Bob Lind, Published March 26 2013
Englevale, ND, man recalls blizzardsIt sure doesn’t look like spring around the region. So, in keeping with the on-going winter-like weather, here are some recollections of three blizzards as reported by Jim Dick, then and now of Englevale, N.D.
It occurred in 1910 and its story was told to Jim by his dad, Lawrence, who was 5 when the storm hit.
Lawrence’s father, Philip, took his family to visit his brother, 2½ miles away, by horse-drawn sleigh.
The weather was mild at first. But then the wind came up, so Philip, his wife and the kids headed home.
It was dark and snowing hard. Visibility was nil.
Suddenly the team stopped and wouldn’t move.
Philip had no idea where they were. He stepped out of the sleigh, stretched out in the snow and felt around for something to give a clue as to where they were.
His hand touched a small tree. It was a sapling he’d planted the previous spring, and it was right next to their house. Only then did he realize the team had brought them safely home.
It was the Armistice Day storm of Nov. 11, 1940, which killed 160 people in the Upper Midwest.
An oddity developed during the storm when some ducks stayed on the lakes and the water froze, trapping their feet in the ice.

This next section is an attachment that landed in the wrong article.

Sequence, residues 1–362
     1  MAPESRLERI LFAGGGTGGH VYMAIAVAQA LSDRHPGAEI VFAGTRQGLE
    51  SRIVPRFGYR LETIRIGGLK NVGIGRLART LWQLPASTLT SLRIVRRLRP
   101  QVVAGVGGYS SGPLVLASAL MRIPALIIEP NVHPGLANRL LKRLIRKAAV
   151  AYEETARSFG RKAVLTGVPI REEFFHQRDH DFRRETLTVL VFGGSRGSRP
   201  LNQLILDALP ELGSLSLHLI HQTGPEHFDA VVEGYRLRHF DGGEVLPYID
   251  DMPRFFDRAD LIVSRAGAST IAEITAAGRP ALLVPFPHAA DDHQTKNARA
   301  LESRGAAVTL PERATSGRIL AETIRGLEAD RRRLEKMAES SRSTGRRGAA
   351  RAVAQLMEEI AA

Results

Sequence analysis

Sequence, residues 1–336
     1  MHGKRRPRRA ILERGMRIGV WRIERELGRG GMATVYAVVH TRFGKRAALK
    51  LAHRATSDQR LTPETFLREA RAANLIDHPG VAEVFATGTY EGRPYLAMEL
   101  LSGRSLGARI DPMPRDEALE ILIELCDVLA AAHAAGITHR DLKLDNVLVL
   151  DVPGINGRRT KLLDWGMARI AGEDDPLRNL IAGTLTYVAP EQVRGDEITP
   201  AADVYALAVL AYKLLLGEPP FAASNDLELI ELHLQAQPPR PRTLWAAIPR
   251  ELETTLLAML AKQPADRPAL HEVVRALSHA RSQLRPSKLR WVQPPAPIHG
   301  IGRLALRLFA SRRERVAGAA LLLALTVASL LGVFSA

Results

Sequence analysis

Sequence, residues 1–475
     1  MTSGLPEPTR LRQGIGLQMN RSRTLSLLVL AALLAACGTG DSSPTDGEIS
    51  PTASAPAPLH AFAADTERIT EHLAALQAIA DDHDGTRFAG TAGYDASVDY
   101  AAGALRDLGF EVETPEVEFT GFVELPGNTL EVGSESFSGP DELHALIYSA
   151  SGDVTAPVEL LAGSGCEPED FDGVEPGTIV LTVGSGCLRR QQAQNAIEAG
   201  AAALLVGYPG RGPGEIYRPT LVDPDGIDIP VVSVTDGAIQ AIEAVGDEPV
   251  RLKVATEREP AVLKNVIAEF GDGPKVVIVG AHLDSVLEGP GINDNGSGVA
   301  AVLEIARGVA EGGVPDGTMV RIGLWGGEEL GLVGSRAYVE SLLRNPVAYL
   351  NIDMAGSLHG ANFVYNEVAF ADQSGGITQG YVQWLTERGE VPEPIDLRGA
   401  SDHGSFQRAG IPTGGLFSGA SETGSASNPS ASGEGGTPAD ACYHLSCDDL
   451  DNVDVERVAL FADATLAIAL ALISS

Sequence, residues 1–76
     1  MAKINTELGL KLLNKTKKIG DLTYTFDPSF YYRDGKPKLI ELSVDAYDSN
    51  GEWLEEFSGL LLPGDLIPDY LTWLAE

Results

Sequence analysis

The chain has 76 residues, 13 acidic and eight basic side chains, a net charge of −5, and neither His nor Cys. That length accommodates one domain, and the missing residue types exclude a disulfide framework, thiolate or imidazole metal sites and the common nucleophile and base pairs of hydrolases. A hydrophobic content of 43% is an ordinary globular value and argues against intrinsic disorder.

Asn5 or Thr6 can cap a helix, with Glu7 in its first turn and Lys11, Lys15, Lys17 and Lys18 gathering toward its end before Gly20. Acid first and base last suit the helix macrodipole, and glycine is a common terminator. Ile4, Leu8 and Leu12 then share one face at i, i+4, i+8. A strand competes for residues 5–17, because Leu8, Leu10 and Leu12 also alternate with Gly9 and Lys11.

The next day some hunters stopped by the Dick farm and displayed the ducks they’d caught, still alive but caught because their feet were frozen tight in the ice.
This one occurred Saturday, March 15, 1941.
It was routine back then for farm families to go into town Saturday nights, Jim says.
That night, Lawrence and his wife, Mary, loaded their six kids into their 1937 Chevy and drove to Lisbon, N.D., 14 miles away.
But the weather turned bad shortly after they arrived in town. Lawrence, concerned about his cattle and especially his sheep, which were outside a closed barn, headed home.
Visibility dipped sharply. Lawrence had to inch along. He finally came to a farm house close to the road.
He pounded on the door for some time before it was opened; the people there said the wind was howling so loudly they couldn’t hear him knocking.
The Dicks stayed several hours. Then, thinking the storm had let up, Lawrence put tire chains on the car and they started out again.
“Blocked roads made us detour an extra eight miles, but after getting stuck, by pushing and shoveling, we drove into our yard,” just as daybreak occurred, Jim says.
Lawrence found the sheep were piled up against a fence. He and the boys tried to pull them toward the barn, but they wouldn’t go.
“Then Dad climbed across the fence and jumped up and down and let out a terrible yell,” Jim says. “Instantly, acting as one, the flock began to unpile and every sheep headed into the wind and home.
“I don’t remember what Dad yelled, but it must have been something his sheep understood.”
Hopefully no blizzard will hit the Upper Midwest again this spring. If one does, everyone should understand that the smart thing to do is stay where it’s safe until it’s over. And to get the sheep inside.
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